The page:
Well, as I have argued elsewhere, these decisions were taken for hard-headed political reasons. Dialectics was just useful to sell it to the cadres. Had it not been for this theory, that might not have been possible. Certainly, Trotsky couldn't have sold his view of the former USSR without this theory.

    Again, I think you're seriously attributing way too much weight to this. You yourself say that dialectics can be used to defend anything. When Stalin was using it to defend socialism in one country and all the crap that he was doing, Trotsky, his arch-enemy, was using it to defend the opposite, permanent revolution. What does this prove if not that there is no commonality when it comes to dialectics, and that it's just an abstract notion, like religion, used by people under varying circumstances which provide for varying results? The Catholic today doesn't come to the same conclusions as the Catholic five centuries ago in Rome. The dialectician today doesn't come to the same conclusions as the dialectician of the 1930's. The only thing that varies is the material circumstances in which these people find themselves; the constant factor, that of dialectics, is disproved by the fact that it's historically variable.
    The point is that this theory can be used by the same individual to rationalise anything he/she likes and its opposite, often in the same breath. Only dialectics and perhaps Zen Buddhism can be used in this way -- which is why many Buddhists call their approach dialectical.

    The other theories/systems you mention are used by different individuals, often at different times -- not by the same individual at the same time.

    Coming back to what I said above, it has no influence on their actual political practice, just as a Christian's view on transubstantiation doesn't have anything to do with how they act in real life.
    This isn't so. This theory has a pernicious and negative effect on their politics/practice, as I pointed out earlier:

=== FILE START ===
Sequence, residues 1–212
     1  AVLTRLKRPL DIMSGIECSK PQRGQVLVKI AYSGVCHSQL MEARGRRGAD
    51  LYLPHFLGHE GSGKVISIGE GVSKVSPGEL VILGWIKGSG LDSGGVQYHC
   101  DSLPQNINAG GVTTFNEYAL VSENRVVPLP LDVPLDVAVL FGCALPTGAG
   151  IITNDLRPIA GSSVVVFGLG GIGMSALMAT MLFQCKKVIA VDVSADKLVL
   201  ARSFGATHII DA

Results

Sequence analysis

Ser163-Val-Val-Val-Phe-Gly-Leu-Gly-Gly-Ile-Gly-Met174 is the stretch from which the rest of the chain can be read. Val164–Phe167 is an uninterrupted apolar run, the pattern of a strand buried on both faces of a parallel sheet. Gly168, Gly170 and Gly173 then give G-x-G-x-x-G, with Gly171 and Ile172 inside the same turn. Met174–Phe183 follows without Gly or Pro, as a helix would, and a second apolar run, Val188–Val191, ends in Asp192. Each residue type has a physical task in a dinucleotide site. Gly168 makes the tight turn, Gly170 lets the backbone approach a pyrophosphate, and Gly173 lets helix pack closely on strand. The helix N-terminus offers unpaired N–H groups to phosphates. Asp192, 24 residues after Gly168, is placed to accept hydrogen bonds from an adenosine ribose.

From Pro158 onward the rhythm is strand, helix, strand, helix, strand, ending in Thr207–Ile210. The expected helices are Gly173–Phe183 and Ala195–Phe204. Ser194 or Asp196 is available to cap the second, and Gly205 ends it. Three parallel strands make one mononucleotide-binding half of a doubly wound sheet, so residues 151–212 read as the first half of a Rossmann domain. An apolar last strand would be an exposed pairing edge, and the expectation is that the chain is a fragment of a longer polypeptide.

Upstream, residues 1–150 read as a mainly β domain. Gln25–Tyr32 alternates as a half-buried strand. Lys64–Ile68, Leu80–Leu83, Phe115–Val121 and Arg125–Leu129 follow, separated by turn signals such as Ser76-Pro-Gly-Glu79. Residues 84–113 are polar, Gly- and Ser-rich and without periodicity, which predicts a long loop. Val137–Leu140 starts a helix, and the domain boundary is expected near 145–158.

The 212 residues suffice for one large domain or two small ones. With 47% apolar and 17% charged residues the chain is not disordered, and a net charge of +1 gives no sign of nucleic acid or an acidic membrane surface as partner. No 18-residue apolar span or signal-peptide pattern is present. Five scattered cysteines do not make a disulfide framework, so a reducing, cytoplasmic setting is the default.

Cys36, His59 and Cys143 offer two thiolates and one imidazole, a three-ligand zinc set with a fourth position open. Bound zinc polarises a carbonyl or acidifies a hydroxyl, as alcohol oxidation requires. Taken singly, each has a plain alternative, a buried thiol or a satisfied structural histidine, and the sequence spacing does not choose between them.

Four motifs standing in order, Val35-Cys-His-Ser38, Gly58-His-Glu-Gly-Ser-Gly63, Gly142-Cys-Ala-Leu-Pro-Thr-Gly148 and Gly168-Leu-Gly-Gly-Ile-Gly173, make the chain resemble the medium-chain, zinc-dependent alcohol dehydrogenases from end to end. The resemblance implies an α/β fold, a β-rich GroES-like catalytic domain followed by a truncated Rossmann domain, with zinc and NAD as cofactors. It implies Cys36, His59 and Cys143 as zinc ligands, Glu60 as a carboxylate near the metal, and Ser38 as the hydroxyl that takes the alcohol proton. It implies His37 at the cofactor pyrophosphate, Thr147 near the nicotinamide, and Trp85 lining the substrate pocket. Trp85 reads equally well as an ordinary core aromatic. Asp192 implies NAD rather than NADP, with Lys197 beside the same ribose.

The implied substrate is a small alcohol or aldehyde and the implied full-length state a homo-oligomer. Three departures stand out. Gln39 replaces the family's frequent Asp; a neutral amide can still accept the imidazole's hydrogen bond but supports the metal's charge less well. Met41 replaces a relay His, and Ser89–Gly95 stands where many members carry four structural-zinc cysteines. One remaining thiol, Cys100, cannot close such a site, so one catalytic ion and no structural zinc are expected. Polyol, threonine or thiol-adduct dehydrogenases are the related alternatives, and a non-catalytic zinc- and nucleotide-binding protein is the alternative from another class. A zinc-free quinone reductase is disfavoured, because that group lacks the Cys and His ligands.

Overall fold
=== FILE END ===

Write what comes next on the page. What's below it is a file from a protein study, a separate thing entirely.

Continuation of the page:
(7) Justify and rationalise substitutionism, so that even Trotskyists (who in one breath argue that the emancipation of the working class is an act of the workers themselves, in the next they argue that the 'contradictory' nature of reality means that this can be effected by one or more of the following: the red army, third world guerrillas, sympathetic nationalists, left politicians, students, rainbow alliances, etc. etc. and only those who do not 'understand' dialectics will demur) have been seduced. This has disarmed the entire movement for several generations, marrying it to all manner of bourgeois and anti-Marxist forces.

    (8) It does not cause but it justifies, rationalises and aggravates sectarianism, since every side in the dispute can appeal to this contradictory theory to defend its side in any split. [John Rees used the 'unity of opposites' to justify the 'united front of a different kind', and that had a very serious negative effect on the SWP/UK. Did it cause these splits? No, but the 'dialectical frame of mind' helped rationalise the politics of each side. Now that the class war is hotting up, we are very badly placed to take advantage of it, our credibility on the left seriously damaged.]
    In addition, because this theory teaches that appearances are 'contradicted' by underlying reality, this 'allows' the dialectician to ignore the long-term failure of Dialectical Marxism, since the latter only appears to be unsuccessful. So this theory insulates the militant mind from reality. It also 'allows' him/her to absolve this theory of all blame -- and that is why they cling onto it like drunks to lampposts.

    As I explained at RevLeft (in answer to the question, 'Why is DM a world-view'?):

    Marx famously claimed: